Duke Nukem Forever Review

  • Posted June 16th, 2011 at 19:10 EDT by Adam Dolge

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Duke Nukem Forever

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The aging loud-mouth hero does not take himself too seriously in Duke Nukem Forever, and neither should you. Overall, nostalgia simply is not enough to save this bland and repetitive shooter.

We like

  • The occasional enjoyable action sequence
  • The shrinking segments add a nice twist to the proceedings
  • The nostalgia factor

We dislike

  • The bland and repetitive levels
  • The poor platforming sections and frustrating load times
  • The subpar visuals and audio

See PSU's review on Metacritic & GameRankings

(continued from previous page) ...to jump around from ledge to ledge, or balance his weight on narrow walkways.

Actually, I take that all back; the real frustration is not just the platforming sections, but the obnoxiously long load times. These wouldn’t prove as frustrating if I were waiting for the game to render a sumptuous visual showcase, lengthy levels, interesting cinematics, or anything slightly worth making the player doze off for a bit, but DNF is practically devoid of any elements to justify such absurd load times. Some people would say this is a dumb complaint, and while I won’t claim that it ruins the experience, it just turns the game into a chore.

There are some redeeming qualities, of course. For instance, the levels where you play as a pint-sized Duke help relieve the monotony and actually make the dull puzzles somewhat interesting. I especially liked the level in The Duke Burger because it highlighted the two things the game does well: offer an enormously un-charming helping of Duke-nostalgia and feature some mildly enjoyable (dare I say fun) shrunken puzzle and platforming sections. This level was fun for a good 10 minutes, and that’s saying a lot.

Despite the lack of variety, enemies in DNF are somewhat decent and surprisingly competent; some of them will charge you for a full-on attack, while others will teleport right behind you to take Duke by surprise. When you finally do get to shoot something, it’s generally refreshing—but, that could have more to do with the fact the game often neglects much of the standout action segments involved in a proper first-person shooter. Since you only carry two weapons, Duke feels like he’s playing the whole story with a tight little skirt on compared to the Duke we all knew and loved—he could hold whatever the hell he wanted. Other highlights include shooting spaceships via your helicopter (or some form of airship). Again, these levels are enjoyable simply because you are actually doing something half exciting.

Any attempt to make DNF feel like a mature game—you know, the kind for adults—is absolutely lost on really poor character designs and bland graphics. Killing aliens is like shooting a refrigerator. Stuff just sort of explodes on screen and there is a serious problem with hit detection. Violence isn’t really a mature subject anymore; hell, just turn your TV on and either watch the local news or your favorite cop drama and you’ll find more blood and gore than in DNF. What is still unacceptable, at least here in the overly conservative-American society, is boobies, even crappy pixilated versions. Duke has always given us some rude, macho catch phrases, and he is sure a stickler for strippers—he still is, thankfully. When you get to his strip club, about halfway through the game, you are rewarded with one of the most bizarre moments in recent gaming. Picture this: A fetch quest in a strip club where girls are not taking their clothes off. That is somehow supposed to either be funny like a throwback or something, or oddly sexual. It’s neither of these things and it will likely remind you that Duke has now turned into that creepy old man from Family Guy -- you know, the guy who whistles while he talks and has a hard-on for Chris. Yup, Duke is just a creepy old man.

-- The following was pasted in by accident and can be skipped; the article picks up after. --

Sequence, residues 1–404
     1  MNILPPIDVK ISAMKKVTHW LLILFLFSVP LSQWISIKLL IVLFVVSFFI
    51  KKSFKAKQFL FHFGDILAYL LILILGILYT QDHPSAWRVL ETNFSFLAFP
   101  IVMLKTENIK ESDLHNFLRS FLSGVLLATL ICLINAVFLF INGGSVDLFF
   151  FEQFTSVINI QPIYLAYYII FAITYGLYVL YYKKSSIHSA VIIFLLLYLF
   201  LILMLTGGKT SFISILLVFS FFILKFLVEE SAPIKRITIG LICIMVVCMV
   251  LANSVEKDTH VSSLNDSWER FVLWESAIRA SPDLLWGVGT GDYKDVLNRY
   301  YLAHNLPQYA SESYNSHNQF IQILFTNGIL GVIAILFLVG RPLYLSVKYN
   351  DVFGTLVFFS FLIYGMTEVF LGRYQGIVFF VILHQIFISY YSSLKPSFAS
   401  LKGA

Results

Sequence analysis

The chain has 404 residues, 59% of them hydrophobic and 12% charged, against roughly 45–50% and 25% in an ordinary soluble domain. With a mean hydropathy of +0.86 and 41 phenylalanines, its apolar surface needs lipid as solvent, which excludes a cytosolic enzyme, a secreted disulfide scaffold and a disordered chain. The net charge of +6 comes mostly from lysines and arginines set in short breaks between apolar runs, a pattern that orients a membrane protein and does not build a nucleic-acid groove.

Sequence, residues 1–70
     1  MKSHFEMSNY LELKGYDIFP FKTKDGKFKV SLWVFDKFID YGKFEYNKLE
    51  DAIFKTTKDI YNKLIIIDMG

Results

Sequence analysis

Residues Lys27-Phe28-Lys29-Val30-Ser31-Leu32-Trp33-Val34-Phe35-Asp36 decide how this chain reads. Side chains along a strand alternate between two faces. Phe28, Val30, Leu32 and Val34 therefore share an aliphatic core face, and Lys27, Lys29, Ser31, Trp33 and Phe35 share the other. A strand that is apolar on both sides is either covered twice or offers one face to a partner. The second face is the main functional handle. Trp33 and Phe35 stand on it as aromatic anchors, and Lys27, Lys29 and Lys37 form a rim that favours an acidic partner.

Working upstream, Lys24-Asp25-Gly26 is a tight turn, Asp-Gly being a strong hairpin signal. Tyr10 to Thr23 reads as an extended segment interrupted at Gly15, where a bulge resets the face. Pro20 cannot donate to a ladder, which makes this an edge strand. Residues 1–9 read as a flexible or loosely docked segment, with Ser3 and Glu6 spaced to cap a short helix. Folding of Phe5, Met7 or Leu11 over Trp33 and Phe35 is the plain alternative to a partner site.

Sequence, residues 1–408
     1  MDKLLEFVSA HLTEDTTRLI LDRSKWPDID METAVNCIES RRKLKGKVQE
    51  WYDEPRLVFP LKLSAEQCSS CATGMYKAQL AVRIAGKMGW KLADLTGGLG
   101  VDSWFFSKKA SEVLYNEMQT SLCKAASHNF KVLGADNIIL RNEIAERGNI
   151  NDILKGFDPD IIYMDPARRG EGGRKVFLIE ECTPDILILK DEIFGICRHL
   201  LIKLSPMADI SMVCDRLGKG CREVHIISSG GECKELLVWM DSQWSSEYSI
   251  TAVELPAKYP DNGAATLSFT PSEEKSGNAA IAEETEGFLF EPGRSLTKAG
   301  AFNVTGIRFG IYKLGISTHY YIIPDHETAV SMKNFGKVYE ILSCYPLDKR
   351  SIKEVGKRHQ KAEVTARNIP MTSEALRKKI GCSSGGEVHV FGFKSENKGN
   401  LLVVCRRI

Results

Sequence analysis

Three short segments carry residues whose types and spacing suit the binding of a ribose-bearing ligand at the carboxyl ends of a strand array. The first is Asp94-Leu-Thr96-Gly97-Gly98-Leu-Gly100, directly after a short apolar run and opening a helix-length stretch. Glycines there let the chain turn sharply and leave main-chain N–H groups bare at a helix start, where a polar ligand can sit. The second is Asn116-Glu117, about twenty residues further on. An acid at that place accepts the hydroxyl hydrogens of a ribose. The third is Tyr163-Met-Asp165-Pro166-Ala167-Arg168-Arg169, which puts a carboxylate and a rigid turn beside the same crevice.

Perhaps there are some people out there who find this stuff entertaining, and I’ll admit that there were a few moments I laughed—but that may have been out of psycho-frustration-syndrome. DNF tries very hard to be all about its lead character, reminding us aging gamers that we once thought this passed as quality gaming. But, I tell you, back in the day, Duke was awesome. He just lost his way. Maybe it’s something that you either get or don’t get, but even if you get him, the core game is just really dull.

The tacked-on multiplayer, including standard deathmatch and capture the flag modes, are all well and fine, but that’s if you can even find a match. If you can, hopefully it doesn’t lag out too badly. For what it’s worth, there are some serious issues with graphics and sound throughout the game—namely that the presentation is simply incredibly poor. That doesn’t ... (continued on next page)

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  • Related game: Duke Nukem Forever

    Release date (US):
    June 14th, 2011
    3D Realms
    Shooter - First Person
    0 of 2,668 Games
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